As the novelist Tahar Ben Jelloun, winner of the Prix Goncourt, says in today’s New York Times (“For French Muslims, a Moment of Truth”): “Most Muslims in France feel completely French, and want the majority of French society to accept them as such.” But alienation, poverty, the increasing stridency and power of France’s right wing and racist National Front, and, as Ben Jelloun says, the efforts of “Islamists … hard at work in prisons, industrial suburbs and neighborhood mosques, peddling a strong religious identity and hope for the future to disaffected youth” make a few of them vulnerable to extremism.

Nothing excuses the murder of innocents.

But, just maybe, mockery is not always the best choice in our interconnected world. Maybe, as Rabbi Michael Lerner suggests in a blog, “Mourning the Parisian ‘Humorists’ Yet Challenging the Hypocrisy of Western Media,” it is time for the media to consider “what it would mean to a French Muslim, living among Muslims who are economically marginalized and portrayed as nothing but terrorists, their religious garb banned in public, their religion demeaned, to encounter a humor magazine that ridiculed the one thing that gives them some sense of community and higher purpose, namely Mohammed and the religion he founded.”

Maybe, as my friend Robert Moore suggests in his blog, “Je Suis Charlie (99.9%),” “avoiding intentional insults to religious beliefs is similar to avoiding ethnic or racial slurs,” that is, “more a matter of common decency” than of “overly timid political correctness.” Maybe avoiding such does not so much impair one’s free speech, as make one feel “respectful.”

And maybe, as Tahar Ben Jalloun suggests, there is much work to be done in France’s schools, “where textbooks should be revised to reflect the diversity of French tradition and new courses offered on racism and on the history of religions.” Maybe it is time for proudly secular and centralized France to more explicitly acknowledge the multiplicity of the cultural and religious traditions of its citizens.

I offer the thought with deference because I much admire the French: their charm, their enjoyment of beauty—even their treatment of the animals they eat!—as well as their social system that confers education and health benefits on each citizen as his or her right. We lack much that they have, even if we are perhaps closer to an ideal of multiculturalism just because we have been and are a nation of immigrants. We must remember that we ourselves have defamed or maltreated many of those in the successive waves landing on our shores.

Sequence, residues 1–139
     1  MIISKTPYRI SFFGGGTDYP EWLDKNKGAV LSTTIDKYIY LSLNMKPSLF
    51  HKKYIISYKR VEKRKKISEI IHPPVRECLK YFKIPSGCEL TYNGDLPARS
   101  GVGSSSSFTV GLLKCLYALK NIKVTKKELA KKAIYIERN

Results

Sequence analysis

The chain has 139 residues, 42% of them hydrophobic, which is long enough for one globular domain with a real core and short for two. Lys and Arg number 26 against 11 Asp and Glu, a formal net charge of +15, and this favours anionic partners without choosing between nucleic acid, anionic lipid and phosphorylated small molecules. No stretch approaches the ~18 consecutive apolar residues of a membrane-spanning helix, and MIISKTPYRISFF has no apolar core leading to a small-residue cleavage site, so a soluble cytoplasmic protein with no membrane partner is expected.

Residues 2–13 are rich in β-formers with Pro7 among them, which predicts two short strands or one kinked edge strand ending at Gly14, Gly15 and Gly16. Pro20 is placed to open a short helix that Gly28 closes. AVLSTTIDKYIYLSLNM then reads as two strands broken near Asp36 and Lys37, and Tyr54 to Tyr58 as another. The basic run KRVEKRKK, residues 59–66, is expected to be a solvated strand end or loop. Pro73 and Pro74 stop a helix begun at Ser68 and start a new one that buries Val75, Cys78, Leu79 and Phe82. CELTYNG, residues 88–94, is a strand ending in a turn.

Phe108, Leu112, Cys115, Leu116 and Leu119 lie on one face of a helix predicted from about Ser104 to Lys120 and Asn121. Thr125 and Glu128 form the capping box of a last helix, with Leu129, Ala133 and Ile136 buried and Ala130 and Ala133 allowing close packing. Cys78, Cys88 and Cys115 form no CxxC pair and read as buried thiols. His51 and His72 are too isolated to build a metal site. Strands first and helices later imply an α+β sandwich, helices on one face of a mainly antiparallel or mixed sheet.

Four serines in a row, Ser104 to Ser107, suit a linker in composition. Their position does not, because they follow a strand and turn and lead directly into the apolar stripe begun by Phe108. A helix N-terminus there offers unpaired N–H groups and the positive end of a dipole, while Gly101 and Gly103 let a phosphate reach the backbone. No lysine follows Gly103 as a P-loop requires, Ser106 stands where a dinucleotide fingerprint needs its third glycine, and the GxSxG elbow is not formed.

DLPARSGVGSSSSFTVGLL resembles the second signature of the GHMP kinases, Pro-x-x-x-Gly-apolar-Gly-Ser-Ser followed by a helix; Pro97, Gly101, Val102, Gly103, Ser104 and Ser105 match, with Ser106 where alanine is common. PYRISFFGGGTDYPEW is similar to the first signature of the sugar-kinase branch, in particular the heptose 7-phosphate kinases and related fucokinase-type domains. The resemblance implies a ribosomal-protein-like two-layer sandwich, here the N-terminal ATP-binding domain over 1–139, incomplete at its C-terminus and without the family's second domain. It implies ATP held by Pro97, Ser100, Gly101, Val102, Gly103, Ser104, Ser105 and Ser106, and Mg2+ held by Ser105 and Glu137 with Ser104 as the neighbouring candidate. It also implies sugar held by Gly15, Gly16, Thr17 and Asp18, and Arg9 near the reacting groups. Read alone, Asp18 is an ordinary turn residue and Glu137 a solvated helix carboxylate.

Contributor Biographies

Cynthia Anderson is a writer and editor living in Yucca Valley, CA. Her poems have appeared in numerous journals, and she has received poetry awards from the Santa Barbara Arts Council and the Santa Barbara Writers Conference. Her collaborations with photographer Bill Dahl are published in the book, Shared Visions.

Lee Balan was the first editor and art director for Beyond Baroque Magazine in Venice, CA.  His poems and stories have been featured in several magazines including Phantom Seed, Sun-Runner, and Storylandia. He was the facilitator for the Tenderloin Writer’s Workshop in San Francisco. His background in mental health has been a major influence on his work. Lee has been the featured poet at several events and venues including the Palm Springs Art Museum.  Recently, Lee self published his first novel Alien Journal.

Nancy Scott Campbell has been a desert hiker and resident for more than twenty years.  She has been a mediator, has taught English as a second Language, is a physical therapist,  and is delighted with the workshops of the Inlandia Institute.

With their girls grown and independent, Marcyn Del Clements and her husband, Richard, have more time to pursue their favorite activities: birding, butterfly and dragonfly watching, and fly-fishing. Marcy is published in Alaska Quarterly Review, Appalachia, Eureka Literary Magazine, Flyway, frogpond, Hollins Critic, Literary Review, Lyric, Sijo West, Snowy Egret, Wind, and others.

Mike Cluff is a fulltime English and Creative Writing instructor at Norco College. He has lived steadily in the Highland and Redlands area since 1998. His eighth book of poetry “Casino Evil was published in June 2009 by Petroglyph Books.

Rachelle Cruz is from the Bay Area but currently lives and writes in Riverside, CA.  She has taught creative writing, poetry, and performance to young people in New York City, the Bay Area, Los Angeles, and Riverside. She hosts “The Blood-Jet Writing Hour” Radio Show on Blog Talk Radio. She is an Emerging Voices Fellow and a Kundiman Fellow, she is working towards her first collection of poems.